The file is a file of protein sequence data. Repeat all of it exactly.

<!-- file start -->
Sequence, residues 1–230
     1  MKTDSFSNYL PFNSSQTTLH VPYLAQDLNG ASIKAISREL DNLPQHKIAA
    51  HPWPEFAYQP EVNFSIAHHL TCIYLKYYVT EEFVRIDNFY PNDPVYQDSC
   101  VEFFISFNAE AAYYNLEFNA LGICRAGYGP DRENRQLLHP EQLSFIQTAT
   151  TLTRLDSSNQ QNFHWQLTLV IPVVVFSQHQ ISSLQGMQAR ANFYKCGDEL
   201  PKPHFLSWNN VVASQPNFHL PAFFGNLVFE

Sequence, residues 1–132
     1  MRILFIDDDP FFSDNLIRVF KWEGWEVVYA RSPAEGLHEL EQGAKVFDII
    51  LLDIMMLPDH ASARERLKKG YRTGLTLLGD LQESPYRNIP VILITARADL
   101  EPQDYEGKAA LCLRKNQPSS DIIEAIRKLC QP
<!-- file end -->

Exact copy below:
Sequence, residues 1–230
     1  MKTDSFSNYL PFNSSQTTLH VPYLAQDLNG ASIKAISREL DNLPQHKIAA
    51  HPWPEFAYQP EVNFSIAHHL TCIYLKYYVT EEFVRIDNFY PNDPVYQDSC
   101  VEFFISFNAE AAYYNLEFNA LGICRAGYGP DRENRQLLHP EQLSFIQTAT
   151  TLTRLDSSNQ QNFHWQLTLV IPVVVFSQHQ ISSLQGMQAR ANFYKCGDEL
   201  PKPHFLSWNN VVASQPNFHL PAFFGNLVFE

Sequence, residues 1–132
     1  MRILFIDDDP FFSDNLIRVF KWEGWEVVYA RSPAEGLHEL EQGAKVFDII
    51  LLDIMMLPDH ASARERLKKG YRTGLTLLGD LQESPYRNIP VILITARADL
   101  EPQDYEGKAA LCLRKNQPSS DIIEAIRKLC QP